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Company subsidy loans can report on 1099c as income ?

Tracy, CA |
Filed under: Tax law

I was an indy contractor with an 'Unsaid" corporation. The gave me something called "subsidy loans" in which I will eventually pay back, I also earned commissions each month in addition.

My question is;

1. is the "Unsaid" corporation allowed to 1099c my subsidy loans?

or just my actual commissions?

I have hear other people who have had issues like this, others who have not. I need to know what to do in the event they do something wrong and will not correct it.

Sorry. I guess I meant 1099-MISC income. I have heard of other people who got the subsidy loan amounts in their 1099- MISC. I was running my own business / franchise. So if they do include the pay back amount / subsidy amounts with my commissions in the 1099 MISC what should I do? Sue them? Ask for correction?

Attorney Answers 3

  1. Are you sure you are referring to a 1099-C? A 1099-C is for cancellation of debt income.

    It would not be appropriate unless you were NOT paying back the subsidy loan and the corporation was writing off the debt.

    The information presented here is general in nature and is not intended, nor should be construed, as legal advice. This posting does not create any attorney-client relationship with the author (who is only admitted to practice law in the State of California). For specific advice about your particular situation, consult your own attorney.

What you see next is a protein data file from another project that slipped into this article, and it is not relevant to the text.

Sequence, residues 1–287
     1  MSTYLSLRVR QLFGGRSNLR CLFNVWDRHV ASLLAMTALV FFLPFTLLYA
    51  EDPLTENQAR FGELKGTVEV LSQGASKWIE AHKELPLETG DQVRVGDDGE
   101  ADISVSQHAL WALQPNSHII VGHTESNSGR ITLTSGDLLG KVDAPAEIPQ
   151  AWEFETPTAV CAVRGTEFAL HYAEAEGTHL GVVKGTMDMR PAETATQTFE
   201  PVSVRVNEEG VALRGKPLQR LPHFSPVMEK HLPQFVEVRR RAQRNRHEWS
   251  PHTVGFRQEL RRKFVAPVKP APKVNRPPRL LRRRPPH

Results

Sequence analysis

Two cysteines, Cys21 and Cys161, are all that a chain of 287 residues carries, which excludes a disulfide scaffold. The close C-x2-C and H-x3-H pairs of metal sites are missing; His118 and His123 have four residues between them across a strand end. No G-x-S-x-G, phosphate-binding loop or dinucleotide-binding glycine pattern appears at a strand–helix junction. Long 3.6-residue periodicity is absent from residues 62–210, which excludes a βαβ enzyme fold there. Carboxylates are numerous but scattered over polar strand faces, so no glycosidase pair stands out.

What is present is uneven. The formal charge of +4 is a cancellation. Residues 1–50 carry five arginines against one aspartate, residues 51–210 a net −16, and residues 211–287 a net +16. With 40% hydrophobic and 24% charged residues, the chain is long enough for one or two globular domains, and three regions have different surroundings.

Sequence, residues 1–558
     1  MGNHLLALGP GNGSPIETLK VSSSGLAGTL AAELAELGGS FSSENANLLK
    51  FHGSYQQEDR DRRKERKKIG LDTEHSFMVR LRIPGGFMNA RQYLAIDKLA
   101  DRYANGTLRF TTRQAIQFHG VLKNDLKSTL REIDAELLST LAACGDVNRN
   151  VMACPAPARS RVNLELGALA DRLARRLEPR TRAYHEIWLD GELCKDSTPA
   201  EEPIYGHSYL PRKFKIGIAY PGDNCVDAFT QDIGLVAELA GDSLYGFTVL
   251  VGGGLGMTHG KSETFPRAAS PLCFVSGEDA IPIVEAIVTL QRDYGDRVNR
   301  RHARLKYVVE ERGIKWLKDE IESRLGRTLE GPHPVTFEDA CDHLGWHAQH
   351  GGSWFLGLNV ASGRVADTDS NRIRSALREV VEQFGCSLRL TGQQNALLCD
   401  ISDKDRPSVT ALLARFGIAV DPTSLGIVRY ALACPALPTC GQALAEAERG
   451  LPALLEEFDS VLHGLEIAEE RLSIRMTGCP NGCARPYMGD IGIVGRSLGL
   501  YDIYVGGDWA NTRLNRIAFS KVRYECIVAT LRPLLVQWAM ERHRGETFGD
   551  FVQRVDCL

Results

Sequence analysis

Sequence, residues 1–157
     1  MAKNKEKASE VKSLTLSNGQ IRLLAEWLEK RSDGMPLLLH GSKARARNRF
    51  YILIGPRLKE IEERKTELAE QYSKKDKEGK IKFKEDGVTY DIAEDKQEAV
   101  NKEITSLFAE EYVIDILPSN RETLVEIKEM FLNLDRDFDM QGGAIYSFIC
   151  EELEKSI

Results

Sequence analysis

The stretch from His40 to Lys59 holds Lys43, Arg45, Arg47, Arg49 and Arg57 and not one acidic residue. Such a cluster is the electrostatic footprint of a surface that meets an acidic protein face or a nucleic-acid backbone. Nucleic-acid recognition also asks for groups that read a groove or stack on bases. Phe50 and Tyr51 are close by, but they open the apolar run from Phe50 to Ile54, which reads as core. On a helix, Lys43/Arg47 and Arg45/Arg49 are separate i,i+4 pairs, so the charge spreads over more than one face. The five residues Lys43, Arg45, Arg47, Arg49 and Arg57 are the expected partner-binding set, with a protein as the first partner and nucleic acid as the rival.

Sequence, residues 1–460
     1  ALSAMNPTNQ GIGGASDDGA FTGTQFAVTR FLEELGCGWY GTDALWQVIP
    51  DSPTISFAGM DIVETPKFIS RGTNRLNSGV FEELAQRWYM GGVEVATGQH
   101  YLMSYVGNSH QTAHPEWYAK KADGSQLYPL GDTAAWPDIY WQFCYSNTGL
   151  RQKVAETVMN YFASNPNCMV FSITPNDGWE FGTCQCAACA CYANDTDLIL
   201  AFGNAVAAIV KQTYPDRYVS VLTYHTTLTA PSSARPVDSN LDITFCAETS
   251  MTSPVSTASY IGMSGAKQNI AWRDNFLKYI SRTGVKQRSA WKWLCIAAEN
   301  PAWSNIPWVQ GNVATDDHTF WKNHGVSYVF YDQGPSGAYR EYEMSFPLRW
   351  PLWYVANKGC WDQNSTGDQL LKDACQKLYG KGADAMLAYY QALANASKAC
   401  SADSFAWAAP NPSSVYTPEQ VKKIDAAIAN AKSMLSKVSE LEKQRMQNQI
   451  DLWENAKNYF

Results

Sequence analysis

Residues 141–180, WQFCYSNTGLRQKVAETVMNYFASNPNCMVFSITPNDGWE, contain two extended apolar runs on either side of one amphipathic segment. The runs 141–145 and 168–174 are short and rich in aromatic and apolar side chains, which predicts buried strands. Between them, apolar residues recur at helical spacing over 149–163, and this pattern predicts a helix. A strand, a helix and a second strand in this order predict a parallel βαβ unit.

2. As Mr. Chen explains, a 1099-c is for debt cancellation. Yes if the debt is cancelled then the employer can send a 1099-c to you.

    This is general legal information, not intended to apply to your specific case. And I may not be licensed to practice in your particular state. Under Federal Law, I am a debt relief agent.

  3. If you are required to actually pay these back, I am not sure how they are income. But the reality is, for tax purposes these are clearly not being treated as loans. If you cannot take deductions when you pay these amounts back, you should not be forced to recognize income when you receive them. If you have a legal written obligation to pay these "loans" back, they are not income at all. But there are so many quirky industry specific accepted practices that you should speak with the CPA that prepares your taxes. This does not seem like the accurate treatment of a bona-fide loan.

    Christopher Larson
    Insight Law